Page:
Why can’t they get it? This is basic business 101. Fail.


  123. 123
    noel park

     

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    Mar 27th, 2009 (7:27 pm)

    The latest on NPR news (about an hour ago) is that rumors abound that GM has reached agreements with the UAW and the bondholders. Has anybody heard any more about that? Anyway, the pot is boiling in anticipation of Tuesday.

    What’s the old saying about “War and rumors of war”?


  124. 124
    Dave G

     

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    Mar 27th, 2009 (7:35 pm)

    #110 carcus1 Says: Electric cars . . . I like. GM upper management . . . not so much (but I keep hoping they’ll become somebody else — literally).
    ————————————————————————————–
    You may get your wish. The fact that Wagoner went out on limb with the $4/gallon minimum price gas tax, that could be writing on the wall. Besides, they usually put in a new guy after a major reorganization, just the way it usually works. With a new guy at the helm, a few other top execs usually leave as well. So you may get your wish.


  125. 125
    akojim

     

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    Mar 27th, 2009 (7:38 pm)

    GM isn’t doing anything ‘new’. The price of wedding gowns has always fluctuated directly with the market price of latex.


  126. 126
    WarrenPeace

     

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    Mar 27th, 2009 (7:39 pm)

    Starman Says:

    They think, maybe we can have the government manipulate the price of gas to create more demand for our product and let us charge a higher price.

    They’ve already started that with the tax credit up to $7500. Big 2.5 spent a lot of money to lobby for some folks to push for big financial assistance to be able to sell their product. Why do you think there is almost only one car that qualifies for it? OK, Tesla can but way out of Joe the Plumbers ability, Toyota Hybrid doesn’t, Honda hybrids dont, not even the Ford hybrids. Just GM Volt. Now they are considering a push for raising taxes to help make their product more desireable/feasable? Why would anybody want to even support a company with such assnine business practices?

    jes12 Says:
    And Detroit support for hiking gas prices will make me choose Tesla and resent GM even more.

    That should be everyones conclusion, not specifically Tesla but something other than GM.


  127. 127
    carcus1

     

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    Mar 27th, 2009 (7:41 pm)

    #120 noel park,

    A lightweight, low to mid $20k- ish BEV that requires almost no maintenance and has 100 mile + range will sell to the masses and compete with $2 gas. That, IMHO, is what will get us off the stuff. The maintenance costs are the key that nobody talks about. (and GM doesn’t want to give up)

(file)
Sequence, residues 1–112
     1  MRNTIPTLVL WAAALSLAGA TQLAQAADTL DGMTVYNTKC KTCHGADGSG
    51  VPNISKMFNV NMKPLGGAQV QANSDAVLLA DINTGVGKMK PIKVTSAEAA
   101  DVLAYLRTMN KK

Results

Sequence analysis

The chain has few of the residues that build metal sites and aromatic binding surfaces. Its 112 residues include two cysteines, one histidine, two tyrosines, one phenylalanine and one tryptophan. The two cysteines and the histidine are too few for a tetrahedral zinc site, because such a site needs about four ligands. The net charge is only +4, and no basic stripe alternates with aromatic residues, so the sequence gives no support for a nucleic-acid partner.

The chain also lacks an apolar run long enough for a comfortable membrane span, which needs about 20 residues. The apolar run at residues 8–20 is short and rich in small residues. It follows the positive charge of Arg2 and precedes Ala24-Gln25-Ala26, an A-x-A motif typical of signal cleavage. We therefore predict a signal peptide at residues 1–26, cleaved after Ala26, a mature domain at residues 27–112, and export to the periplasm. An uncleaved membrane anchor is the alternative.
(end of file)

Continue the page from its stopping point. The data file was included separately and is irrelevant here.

Plug in hybrids will do their part as well.

    But I’m no central planner, and I don’t want one controlling me or my options.

    Freedom and taxes are a one way check valve. You give them up and they never come back.


  128. 128
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    Mar 27th, 2009 (7:45 pm)

    Couple points, and I know they go against most of the stalwarts of this site:

    1) Battery lease: Nearly everyone jumps on this like it is some evil, that must be avoided at all costs. How can anyone make the case against it until you know what the terms are? I for one, would entertain the lease option, but of course I need to know what the terms are. The battery, would replace my monthly petrol cost, and if it makes the Volt more attractive and makes sense, I say bring it on.

    2) Gas tax: So now GM would like people to pay more money in gas tax, so the govt can collect more taxes, so GM can borrow even more money. Also, of course the people who are least likely to be able to buy an electric car, will be the ones paying at the pump. These people now get to help pay for the wealthy’s new Volt (or equivalent, over priced EREV, BEV, etc).

    Read my lips, NO NEW TAXES! (This time I mean it, George!)


  129. 129
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    Mar 27th, 2009 (7:49 pm)

    117 jes12
    “I graduate with an engineering degree summer 2010. I will drive my fully paid off Kia POS til Jan 2011. At that time I will decide whether to pay $49K for a pure BET with Tesla or $39K for the Volt. The price of gas has NOTHING to do with my decision.”
    ———————————————————————————-